%matplotlib notebook import matplotlib.pyplot as plt import numpy as np import sympy as sy import pandas as pd
Jacob Frias Koehler, PhD
New York University, The New School, Borough of Manhattan Community College
This talk gives a brief overview of my PreCalculus class this semester. We aimed to utilize the Jupyter notebooks running the Python language as a way to shift curricular content and the nature of student work.
Functions and Trigonometry
The example problems below were taken from a large university's recent common PreCalculus final examination. I believe these are representative of typical tasks presented to students in a precalculus setting.
This curriculum tends to focus on classical mathematical techniques involving manipulating polynomials and algebraic approaches to trigonmetric functions. I believe that these concepts are incredibly beautiful and powerful. A student of mathematics and physics could find wonderful insight and power understanding the contextual motivation for work with polynomials that arose in the seventeenth and eighteenth century. Lagrange, for example, offers such an algebraic approach to foundational problems in calculus that dominated the mathematicians at the turn of these centuries. Judith Grabiner details the algebraic heritage of analysis in The Origins of Cauchy's Rigorous Calculus.
"For instance, treating infinite series as if they were polynomials had led to important new results without a general theory of convergence; why then should mathematicians not go on treating infinite series in that way?--Grabiner, 21.
While these algebraic techniques may be important for the mathematician and scientist, the non-STEM major may be better served by alternative content.
Mathematical Modeling, Data, and Matrices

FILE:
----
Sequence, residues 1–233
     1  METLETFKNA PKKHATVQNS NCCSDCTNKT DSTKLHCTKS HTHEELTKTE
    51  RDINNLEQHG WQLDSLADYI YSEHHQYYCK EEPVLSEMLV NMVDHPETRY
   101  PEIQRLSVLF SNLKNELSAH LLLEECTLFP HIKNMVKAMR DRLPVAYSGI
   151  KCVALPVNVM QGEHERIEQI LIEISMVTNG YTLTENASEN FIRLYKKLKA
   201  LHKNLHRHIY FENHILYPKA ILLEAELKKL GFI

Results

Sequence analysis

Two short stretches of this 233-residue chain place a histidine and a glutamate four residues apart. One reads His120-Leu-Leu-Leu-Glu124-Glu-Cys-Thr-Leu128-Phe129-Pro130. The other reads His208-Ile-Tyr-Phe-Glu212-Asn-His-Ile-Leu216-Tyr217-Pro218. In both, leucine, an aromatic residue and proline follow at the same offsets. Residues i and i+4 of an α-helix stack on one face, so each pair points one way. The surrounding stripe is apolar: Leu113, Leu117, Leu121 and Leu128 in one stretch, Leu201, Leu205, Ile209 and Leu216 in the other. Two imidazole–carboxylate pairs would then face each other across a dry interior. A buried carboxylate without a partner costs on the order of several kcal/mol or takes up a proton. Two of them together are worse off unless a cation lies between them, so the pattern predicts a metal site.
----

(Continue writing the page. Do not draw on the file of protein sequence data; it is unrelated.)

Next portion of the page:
Rather than content focused on algebraic expression and manipulation, I sought alternative concepts that might be able to include the use of Jupyter notebooks and the Python computing language. In doing so, I hoped to introduce problems involving mathematical modeling, the use of real world data, and the array object in the place of polynomial manipulation. We focused on four big ideas in class as mathematical motivators:
Polynomial, Exponential, and Trigonometric Functions as models of real world situations and introductions to Python libraries
Using real world data to model using idealized functions using for loops, functions, and plotting
Fitting models to data with Numpy, Pandas, and scikitlearn
Matrices and Applications to Digital Images and Statistics
Poisson is a relic. He speaks of a time where the mathematician and his student were involved in a wholly different relationship. The nature of their interactions were more akin to a master apprentice model with an emerging curriculum having much to do with Poisson's own work. Sensitivity to this difference for me translates to share my interest in using open source computing tools to explore and play with mathematical concepts. Further, I aim to involve my students in more exploratory activities reliant on tool use and creativity.
"Life is good for only two things, discovering mathematics and teaching mathematics." -- Poisson
Many mathematics educators have engaged with the problem of classifying the nature of high quality mathematical tasks. Stein et al's work on mathematical tasks offers a starting place for considering the nature of high quality mathematical tasks. The rubric below is a summary of some of this work in terms of high quality mathematical tasks that are cognitively demanding. From low level memorization type tasks to high level tasks categorized as doing mathematics we find a continued removal of structure and direction in what these and other authors believe to be highly demanding mathematical work. Some important elements are: